Saturday, March 13, 2010
The Condition We Call Exile by Joseph Brodsky
As we gather here *, in this attractive and well-lit room, on this cold December evening, to discuss the plight of the writer in exile, let us pause for a minute and think of some of those who, quite naturally, didn't make it to this room. Let us imagine, for instance, Turkish Gastarbeiters prowling the streets of West Germany, uncomprehending or envious of the surrounding reality. Or let us imagine Vietnamese boat people bobbing on high seas or already settled somewhere in the Australian outback. Let us imagine Mexican wetbacks crawling the ravines of Southern California, past the border patrols into the territory of the United States. Or let us imagine shiploads of Pakistanis disembarking somewhere in Kuwait or Saudi Arabia, hungry for menial jobs the oil-rich locals won't do. Let us imagine multitudes of Ethiopians trekking some desert on foot into Somalia ( or is it the other way around? ), escaping famine. Well, we may stop here, because that minute of imagining has already passed, although a lot could be added to this list. Nobody has ever counted these people and nobody, including the UN relief organizations, ever will: coming in millions, they elude computation and constitute what is called - for want of a better term or a higher degree of compassion - migration.
Whatever the proper name for this phenomena is, whatever the motives, origins, and destinations of these people are, whatever their impact on the societies which they abandon and to which they come, one thing is absolutely clear : they make it very difficult to talk with a straight face about the plight of the writer in exile.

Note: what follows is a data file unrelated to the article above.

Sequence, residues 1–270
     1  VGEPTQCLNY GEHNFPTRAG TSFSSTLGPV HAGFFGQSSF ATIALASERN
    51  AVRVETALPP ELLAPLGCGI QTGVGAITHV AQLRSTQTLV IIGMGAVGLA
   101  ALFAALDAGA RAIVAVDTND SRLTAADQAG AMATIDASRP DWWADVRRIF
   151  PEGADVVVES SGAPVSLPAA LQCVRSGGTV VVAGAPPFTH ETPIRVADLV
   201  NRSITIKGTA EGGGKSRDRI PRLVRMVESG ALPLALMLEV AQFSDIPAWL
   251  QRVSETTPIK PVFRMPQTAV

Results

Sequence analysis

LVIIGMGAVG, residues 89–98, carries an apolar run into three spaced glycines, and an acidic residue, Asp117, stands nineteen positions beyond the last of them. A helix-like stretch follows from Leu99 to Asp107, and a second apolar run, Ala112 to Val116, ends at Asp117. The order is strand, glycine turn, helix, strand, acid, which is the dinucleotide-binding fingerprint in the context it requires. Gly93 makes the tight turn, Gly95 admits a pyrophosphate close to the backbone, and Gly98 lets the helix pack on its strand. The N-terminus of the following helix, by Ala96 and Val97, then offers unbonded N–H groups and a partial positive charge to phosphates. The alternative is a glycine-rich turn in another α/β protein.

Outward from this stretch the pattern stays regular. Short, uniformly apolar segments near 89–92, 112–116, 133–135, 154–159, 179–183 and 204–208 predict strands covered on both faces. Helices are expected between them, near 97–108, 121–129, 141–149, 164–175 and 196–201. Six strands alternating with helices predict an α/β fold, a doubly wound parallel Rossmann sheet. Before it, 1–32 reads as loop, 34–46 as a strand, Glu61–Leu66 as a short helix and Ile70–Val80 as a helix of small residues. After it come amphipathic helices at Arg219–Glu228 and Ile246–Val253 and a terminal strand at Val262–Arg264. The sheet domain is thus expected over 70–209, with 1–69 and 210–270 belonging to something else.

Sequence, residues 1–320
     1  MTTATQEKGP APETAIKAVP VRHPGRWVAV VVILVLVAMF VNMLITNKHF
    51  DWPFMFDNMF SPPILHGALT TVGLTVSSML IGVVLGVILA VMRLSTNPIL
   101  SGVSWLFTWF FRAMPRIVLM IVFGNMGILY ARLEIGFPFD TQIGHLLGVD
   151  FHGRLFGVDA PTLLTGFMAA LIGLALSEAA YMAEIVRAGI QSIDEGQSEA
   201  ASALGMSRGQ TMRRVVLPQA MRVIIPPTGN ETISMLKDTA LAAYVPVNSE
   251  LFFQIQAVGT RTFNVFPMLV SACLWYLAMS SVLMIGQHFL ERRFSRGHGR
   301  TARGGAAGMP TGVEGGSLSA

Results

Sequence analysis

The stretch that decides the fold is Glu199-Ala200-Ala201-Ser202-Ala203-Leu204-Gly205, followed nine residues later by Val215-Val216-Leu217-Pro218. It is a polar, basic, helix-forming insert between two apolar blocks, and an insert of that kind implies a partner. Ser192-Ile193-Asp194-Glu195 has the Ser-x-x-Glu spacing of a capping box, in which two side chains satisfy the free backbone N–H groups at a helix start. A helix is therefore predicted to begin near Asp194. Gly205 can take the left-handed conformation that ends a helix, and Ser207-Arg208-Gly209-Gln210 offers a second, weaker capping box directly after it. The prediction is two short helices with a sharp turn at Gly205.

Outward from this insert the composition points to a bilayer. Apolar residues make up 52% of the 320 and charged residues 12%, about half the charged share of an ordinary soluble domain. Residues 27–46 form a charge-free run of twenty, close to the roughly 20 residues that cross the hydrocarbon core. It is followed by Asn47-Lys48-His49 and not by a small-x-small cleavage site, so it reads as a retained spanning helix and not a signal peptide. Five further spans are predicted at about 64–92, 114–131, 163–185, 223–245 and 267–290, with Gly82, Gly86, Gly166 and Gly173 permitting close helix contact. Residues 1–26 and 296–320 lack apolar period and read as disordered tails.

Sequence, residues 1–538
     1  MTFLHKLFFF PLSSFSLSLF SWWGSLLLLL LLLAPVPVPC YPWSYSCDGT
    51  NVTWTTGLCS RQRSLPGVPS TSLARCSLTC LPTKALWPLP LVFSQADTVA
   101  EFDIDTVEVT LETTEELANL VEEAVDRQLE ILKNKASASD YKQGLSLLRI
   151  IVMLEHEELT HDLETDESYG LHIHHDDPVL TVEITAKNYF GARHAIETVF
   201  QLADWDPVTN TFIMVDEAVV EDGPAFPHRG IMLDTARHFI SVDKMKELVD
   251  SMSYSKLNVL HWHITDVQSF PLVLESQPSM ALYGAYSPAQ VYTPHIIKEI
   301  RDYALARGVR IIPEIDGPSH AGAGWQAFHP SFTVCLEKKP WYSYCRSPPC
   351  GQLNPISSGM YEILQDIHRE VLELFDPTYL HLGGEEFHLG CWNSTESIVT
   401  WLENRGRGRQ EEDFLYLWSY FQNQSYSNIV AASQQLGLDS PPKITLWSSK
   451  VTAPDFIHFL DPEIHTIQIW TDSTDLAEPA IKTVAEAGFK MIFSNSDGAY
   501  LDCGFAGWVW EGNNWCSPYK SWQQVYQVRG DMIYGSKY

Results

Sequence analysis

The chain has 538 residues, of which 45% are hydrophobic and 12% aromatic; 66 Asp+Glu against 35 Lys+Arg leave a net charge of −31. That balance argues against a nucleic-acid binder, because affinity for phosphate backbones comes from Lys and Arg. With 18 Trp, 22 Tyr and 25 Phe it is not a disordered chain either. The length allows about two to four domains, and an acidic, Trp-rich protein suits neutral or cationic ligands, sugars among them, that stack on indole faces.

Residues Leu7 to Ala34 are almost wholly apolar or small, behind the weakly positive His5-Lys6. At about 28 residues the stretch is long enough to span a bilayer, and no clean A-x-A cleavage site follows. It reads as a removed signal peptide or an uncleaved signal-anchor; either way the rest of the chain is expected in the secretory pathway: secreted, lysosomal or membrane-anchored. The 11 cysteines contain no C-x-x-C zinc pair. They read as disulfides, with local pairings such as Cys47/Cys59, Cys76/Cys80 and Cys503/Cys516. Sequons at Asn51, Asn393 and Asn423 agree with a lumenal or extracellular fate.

Yet talk we must; and not only because literature, like poverty, is known for taking care of its own kind, but mainly because of the ancient and perhaps yet unfounded belief that, were the masters of this world better read, the mis-management and grief that make millions hit the road could be somewhat reduced. Since there is not much on which to rest our hopes for a better world, and since everything else seems to fail one way or another, we must somehow maintain that literature is the only form of moral insurance that a society has; that it is the permanent antidote to the dog-eat-dog principle; that it provides the best argument against any sort of bulldozer-type mass solution - if only because human diversity is literature's lock and stock, as well as its raison d'etre. We must talk because we must insist that literature is the greatest - surely greater than any creed - teacher of human subtlety, and that by interfering with literature's natural existence and with people's ability to learn literature's lessons, a society reduces its own potential, slows down the pace of its evolution, ultimately, perhaps, puts its own fabric in peril. If this means we must talk to ourselves, so much the better: not for ourselves but perhaps for literature.
Whether he likes it or not, Gastarbeiters and refugees of any stripe effectively pluck the orchid out of an exiled writer's lapel. Displacement and misplacement are this century's commonplace. And what our exiled writer has in common with a Gastarbeiter or a political refugee is that in either case a man is running from the worse to the better. The truth of the matter is that from a tyranny one can be exiled only to a democracy. For good old exile ain't what it used to be. It isn't civilized Rome for savage Sarmatia anymore, nor is it sending a man from, say, Bulgaria to China. No, as a rule what takes place is a transition from a political and economic backwater to an industrially advanced society with the latest word on individual liberty on its lips. And it must be added that perhaps taking this route is for an exiled writer, in many ways, like going home - because he gets closer to the seat of the ideals which inspired him all along.
* Wheatland Conference, Vienna, 1987
"The Condition We Call Exile, or Acorns Away" in "On Grief and Reason; Essays"; Farrar Straus Giroux, 1995.